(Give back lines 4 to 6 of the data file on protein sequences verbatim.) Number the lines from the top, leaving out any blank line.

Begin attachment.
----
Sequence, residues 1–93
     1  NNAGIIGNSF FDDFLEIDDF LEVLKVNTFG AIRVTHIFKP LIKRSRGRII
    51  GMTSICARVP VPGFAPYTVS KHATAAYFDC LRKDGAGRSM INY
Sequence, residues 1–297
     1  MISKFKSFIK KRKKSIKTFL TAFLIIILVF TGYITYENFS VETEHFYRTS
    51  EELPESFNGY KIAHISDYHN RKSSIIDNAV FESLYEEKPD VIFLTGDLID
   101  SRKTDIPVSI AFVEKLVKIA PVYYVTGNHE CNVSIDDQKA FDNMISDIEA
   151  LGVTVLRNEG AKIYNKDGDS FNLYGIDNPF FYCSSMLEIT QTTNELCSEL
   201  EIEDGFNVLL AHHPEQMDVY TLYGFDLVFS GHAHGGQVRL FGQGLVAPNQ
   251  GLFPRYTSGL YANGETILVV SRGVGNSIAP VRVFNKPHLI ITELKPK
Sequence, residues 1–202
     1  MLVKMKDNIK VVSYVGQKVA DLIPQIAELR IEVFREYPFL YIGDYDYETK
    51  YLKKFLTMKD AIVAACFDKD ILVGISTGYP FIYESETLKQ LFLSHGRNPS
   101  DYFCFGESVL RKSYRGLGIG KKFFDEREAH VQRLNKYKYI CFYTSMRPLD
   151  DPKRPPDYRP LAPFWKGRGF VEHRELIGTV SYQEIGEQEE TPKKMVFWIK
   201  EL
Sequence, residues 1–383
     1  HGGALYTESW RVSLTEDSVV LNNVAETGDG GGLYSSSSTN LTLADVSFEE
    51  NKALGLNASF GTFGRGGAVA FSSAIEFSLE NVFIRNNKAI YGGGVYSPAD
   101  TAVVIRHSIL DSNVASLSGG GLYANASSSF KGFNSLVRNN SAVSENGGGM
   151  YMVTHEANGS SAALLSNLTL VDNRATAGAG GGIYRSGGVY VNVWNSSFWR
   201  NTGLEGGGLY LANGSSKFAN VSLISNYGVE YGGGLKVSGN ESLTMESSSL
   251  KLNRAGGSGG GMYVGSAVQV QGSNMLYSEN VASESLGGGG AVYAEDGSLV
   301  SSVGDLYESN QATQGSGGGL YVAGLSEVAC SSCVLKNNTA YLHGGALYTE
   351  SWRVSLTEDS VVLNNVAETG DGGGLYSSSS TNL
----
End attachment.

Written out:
Sequence, residues 1–297
     1  MISKFKSFIK KRKKSIKTFL TAFLIIILVF TGYITYENFS VETEHFYRTS
    51  EELPESFNGY KIAHISDYHN RKSSIIDNAV FESLYEEKPD VIFLTGDLID